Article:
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Gerald W. Johnson: From Southern Liberal to National Conscience
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Amazon.com Product Description (ISBN 0807127507, Hardcover)Born in Riverton, North Carolina, Gerald White Johnson (1890-1980) served as one of the most eloquent spokespersons for America's adversary culture in the twentieth century. His prolific career spanned nearly seventy-five years and produced approximately fifteen million words. Among his more than forty books were biographies, histories, novels and two highly successful children's series on American history and government. A friend of H. L. Mencken, Johnson always considered himself primarily a journalist. His prose brought acclaim to such newspapers as the Greensboro Daily News and the Baltimore Evening Sun. He was a regional writer who enjoyed dissecting the South for his fellow southerners and explaining it to Yankees, and a national writer who did not hesitate to voice his opinion on everything from the 1929 stock market crash to Vietnam.
In the first biography of Johnson, Vincent Fitzpatrick draws upon a wealth of archival material to chronicle the writer's service in the American Expeditionary Force during World War I, his experience as the first professor of journalism at the University of North Carolina, and his years in Baltimore with the Evening Sun. Fitzpatrick analyzes Johnson's commentary on the Scopes trial, denunciation of the Ku Klux Klan, defense of President Franklin Roosevelt's New Deal, criticism of Senator Joseph McCarthy, and battles with the Republican Party during President Eisenhower's two terms. He was, to borrow his own phrase, a "disturber of the peace." Fitzpatrick brings this controversial essayist, journalist, editor, historian, biographer, and novelist vividly to life in all his diverse roles. The long and lively career of Gerald Johnson, whom Adlai Stevenson extolled as "the critic and conscience of our time," proves a significant part of the American record in the twentieth century.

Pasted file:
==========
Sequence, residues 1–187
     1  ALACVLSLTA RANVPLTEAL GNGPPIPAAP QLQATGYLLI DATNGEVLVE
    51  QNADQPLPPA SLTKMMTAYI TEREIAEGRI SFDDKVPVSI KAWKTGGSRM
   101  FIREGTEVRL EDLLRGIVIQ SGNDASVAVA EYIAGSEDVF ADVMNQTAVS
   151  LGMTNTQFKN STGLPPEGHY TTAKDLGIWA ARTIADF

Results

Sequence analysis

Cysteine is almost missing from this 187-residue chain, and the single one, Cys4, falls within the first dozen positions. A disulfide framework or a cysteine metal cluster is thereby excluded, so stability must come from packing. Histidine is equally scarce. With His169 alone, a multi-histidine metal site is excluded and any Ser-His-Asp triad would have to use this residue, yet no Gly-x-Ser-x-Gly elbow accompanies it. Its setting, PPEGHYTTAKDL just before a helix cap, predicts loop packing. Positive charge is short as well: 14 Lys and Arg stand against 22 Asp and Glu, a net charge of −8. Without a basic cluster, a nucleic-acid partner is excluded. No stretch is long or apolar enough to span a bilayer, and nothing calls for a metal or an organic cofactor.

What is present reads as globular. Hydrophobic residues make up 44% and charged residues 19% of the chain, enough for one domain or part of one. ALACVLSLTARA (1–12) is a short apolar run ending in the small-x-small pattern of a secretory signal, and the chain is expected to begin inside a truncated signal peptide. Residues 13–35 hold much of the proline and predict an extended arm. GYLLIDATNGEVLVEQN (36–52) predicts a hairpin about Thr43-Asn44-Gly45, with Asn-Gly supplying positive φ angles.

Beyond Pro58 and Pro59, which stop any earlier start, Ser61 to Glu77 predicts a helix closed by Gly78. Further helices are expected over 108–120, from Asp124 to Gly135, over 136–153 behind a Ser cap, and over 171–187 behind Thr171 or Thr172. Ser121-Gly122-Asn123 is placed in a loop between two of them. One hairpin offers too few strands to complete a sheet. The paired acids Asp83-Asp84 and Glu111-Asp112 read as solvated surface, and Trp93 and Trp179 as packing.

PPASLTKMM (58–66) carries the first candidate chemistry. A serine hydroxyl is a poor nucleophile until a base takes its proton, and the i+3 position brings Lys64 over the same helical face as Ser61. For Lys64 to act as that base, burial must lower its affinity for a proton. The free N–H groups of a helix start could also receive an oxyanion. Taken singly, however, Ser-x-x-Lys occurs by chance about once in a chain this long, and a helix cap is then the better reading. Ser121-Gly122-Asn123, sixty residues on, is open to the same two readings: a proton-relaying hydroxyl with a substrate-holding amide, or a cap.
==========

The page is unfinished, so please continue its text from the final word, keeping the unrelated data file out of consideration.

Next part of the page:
(retrieved from Amazon Thu, 12 Mar 2015 18:23:29 -0400)
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